How can you tell if a recipe is good?
In fact, you cannot really tell it until you make it – until you have made it several times.
How can you tell if a gnocchi recipe is good? Why gnocchi?
I have chosen gnocchi because there are hundreds of different recipes, it is a classic staple of Italian cuisine, and if the recipe is good, it is delicious. (According to Massimo Montanari, Professor of Medieval History at Bologna University and scholar in Food studies, gnocchi has been a favorite recipe since the Middle Ages.)
In this post and in subsequent posts, we will study the various recipes and procedures for making gnocchi that you can find online. We will see that some recipes are good because they include photos of key steps, some are good because they explain how to vary the recipe depending on qualities of the key ingredients, and some are good because they are bad, because they show you what not to do.
Gnocchi has only two main ingredients: potatoes and flour. Flour comes in varieties of course, but not too many, and if you use a good brand, then the product will be quite consistent from package to package. Potatoes are a different story. Not only do they come in different shapes and sizes, but as we will see in more detail below, they vary enormously in terms of other qualities such as the amount of starch.
My mother’s rule of thumb – which is a common one—is that “the weight of the flour should be half that of the cooked potatoes”. Some people say this is too much, some people recommend using only yellow potatoes, and others say the potatoes must come from last year’s harvest. My advice is to add a small amount of potato starch to get a fluffy texture.
There are a few other elements to consider, such as the temperature of the mashed potatoes and how long to knead the dough (it should never be over-kneaded). Here things become interesting, because the answers depend critically on the potatoes, in particular, on how much starch they contain. In his book On Food and Cooking, the famous food scientist Harold McGee says that there are two main varieties of potatoes: one is drier and more chalky, the other is moister and more dense. For reasons that are not entirely clear, the chalky variety contains more starch (p. 219). Unfortunately, it is difficult to tell which kind of potato you have just by looking.
As McGee explains, starch molecules generally love to attach themselves to water molecules and change their texture, but this phenomenon varies depending on the temperature of the water. Also, after being heated, as they cool the structure of starch molecules changes again and they release liquids. Thus, the overall texture of dough made with potatoes changes twice when cooking. This is critical to understanding why the temperature of the mashed potatoes influences the amount of flour the potato mash can absorb, and how the texture will turn out after cooking (and cooling). For example, when you add flour to hot potatoes, you get a dough with a soft texture. However, the gnocchi made from such a dough often turn out to be hard after cooking, with a strong taste of flour. The result will be different, if you add the same amount of flour to cold (cooked) potatoes. Generally, it is best to add the flour when the potatoes are warm – not too hold, but not yet cold.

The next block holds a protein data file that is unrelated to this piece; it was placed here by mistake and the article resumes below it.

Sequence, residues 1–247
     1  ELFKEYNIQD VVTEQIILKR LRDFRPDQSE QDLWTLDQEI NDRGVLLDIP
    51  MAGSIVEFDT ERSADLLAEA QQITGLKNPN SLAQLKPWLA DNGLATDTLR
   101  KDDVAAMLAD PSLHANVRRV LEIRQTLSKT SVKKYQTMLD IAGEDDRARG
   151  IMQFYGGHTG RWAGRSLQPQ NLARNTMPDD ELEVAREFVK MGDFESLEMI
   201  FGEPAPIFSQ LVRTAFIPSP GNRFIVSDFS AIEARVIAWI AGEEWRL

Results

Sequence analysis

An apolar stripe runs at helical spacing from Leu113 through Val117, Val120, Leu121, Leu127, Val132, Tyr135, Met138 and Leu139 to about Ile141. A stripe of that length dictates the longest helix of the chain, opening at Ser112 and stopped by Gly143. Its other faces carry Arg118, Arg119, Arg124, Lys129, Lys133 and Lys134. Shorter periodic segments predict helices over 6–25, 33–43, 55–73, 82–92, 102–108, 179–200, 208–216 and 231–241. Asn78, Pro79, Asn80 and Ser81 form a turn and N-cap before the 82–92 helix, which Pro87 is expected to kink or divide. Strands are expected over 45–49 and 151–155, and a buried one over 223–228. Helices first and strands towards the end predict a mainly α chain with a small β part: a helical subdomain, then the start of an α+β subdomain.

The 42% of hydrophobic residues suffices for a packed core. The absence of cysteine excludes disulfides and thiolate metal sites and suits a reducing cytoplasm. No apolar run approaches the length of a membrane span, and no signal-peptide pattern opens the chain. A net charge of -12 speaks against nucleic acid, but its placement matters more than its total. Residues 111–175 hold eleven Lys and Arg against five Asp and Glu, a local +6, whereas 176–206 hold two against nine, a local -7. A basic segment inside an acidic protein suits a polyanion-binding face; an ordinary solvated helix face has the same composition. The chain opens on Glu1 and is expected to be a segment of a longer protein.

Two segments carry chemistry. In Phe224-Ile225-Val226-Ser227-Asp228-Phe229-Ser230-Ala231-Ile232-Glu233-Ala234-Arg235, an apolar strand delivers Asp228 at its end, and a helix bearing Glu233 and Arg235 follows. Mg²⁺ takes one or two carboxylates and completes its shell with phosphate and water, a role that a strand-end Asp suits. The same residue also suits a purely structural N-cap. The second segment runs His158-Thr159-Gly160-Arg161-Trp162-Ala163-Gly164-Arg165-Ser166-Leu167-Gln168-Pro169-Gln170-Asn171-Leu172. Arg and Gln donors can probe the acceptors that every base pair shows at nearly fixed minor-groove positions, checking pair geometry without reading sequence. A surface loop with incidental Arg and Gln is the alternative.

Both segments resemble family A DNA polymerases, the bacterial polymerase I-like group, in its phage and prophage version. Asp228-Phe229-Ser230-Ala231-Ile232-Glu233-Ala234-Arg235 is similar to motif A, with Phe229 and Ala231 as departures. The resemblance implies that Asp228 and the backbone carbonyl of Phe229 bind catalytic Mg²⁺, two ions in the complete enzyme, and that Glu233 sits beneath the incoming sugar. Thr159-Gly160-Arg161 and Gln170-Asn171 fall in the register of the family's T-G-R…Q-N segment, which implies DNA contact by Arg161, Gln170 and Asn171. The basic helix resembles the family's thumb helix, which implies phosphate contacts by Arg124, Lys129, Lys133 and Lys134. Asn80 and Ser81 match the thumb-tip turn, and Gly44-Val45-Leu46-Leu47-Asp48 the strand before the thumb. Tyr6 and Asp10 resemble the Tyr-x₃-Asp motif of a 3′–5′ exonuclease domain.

This is my recipe.
Large potatoes 2 (about 550 gr. once cooked). Note: you must weigh the potatoes after cooking.
All-purpose flour, half the weight of cooked potatoes (about 226 gr.)
Egg yolk 1 (optional, see below)
Potato starch 1 tablespoon
Boil potatoes – skin on – in salted water until they are soft.
Drain potatoes in a colander, peel, and pass them through a potato masher pressing them directly into a bowl. Check the weight of potatoes. Since the flour should be half the weight of the boiled potatoes, you will then get the right amount of flour. Let stand until warm to the touch.
Add the potato starch, salt, the egg yolk, and add the potatoes. Quickly mix them but do not over-knead (about 2 minutes).
Place the dough on a chopping board you have previously dusted with flour. Using your hands, press the dough into an oval 1.5 cm, adding flour if needed.
Cut dough into long strips, 1.5 cm wide. You don’t need to roll them, and this way you avoid adding extra flour (you do not want to add too much flour since it can make a mess of the cooking water).
Cut into small pieces – about the same size as large olives.
Roll the gnocchi on a fork to make grooves. This gives them a nice shape and the grooves also help hold the sauce.
Meanwhile, bring the water to a boil and add the salt.
Add the gnocchi, gently mix them with a wooden spoon, and cook them for about 3 to 4 minutes. The gnocchi are cooked when they float at the top of the boiling water.
Strain the gnocchi, then mix them with about half of the sauce. Place on plates and top each serving with a large spoonful of the reserved sauce.
Sprinkle with grated Parmigiano cheese, serve and enjoy!
McGee, H. (2004). McGee on food and cooking: an encyclopedia of kitchen science, history and culture. London: Hodder & Stoughton.
Montanari, M. (2011). Il riposo della polpetta e altre storie intorno al cibo (Laterza). Roma: Laterza.
This recipe was prepared in Boston, Massachusetts, in the month of February 2019.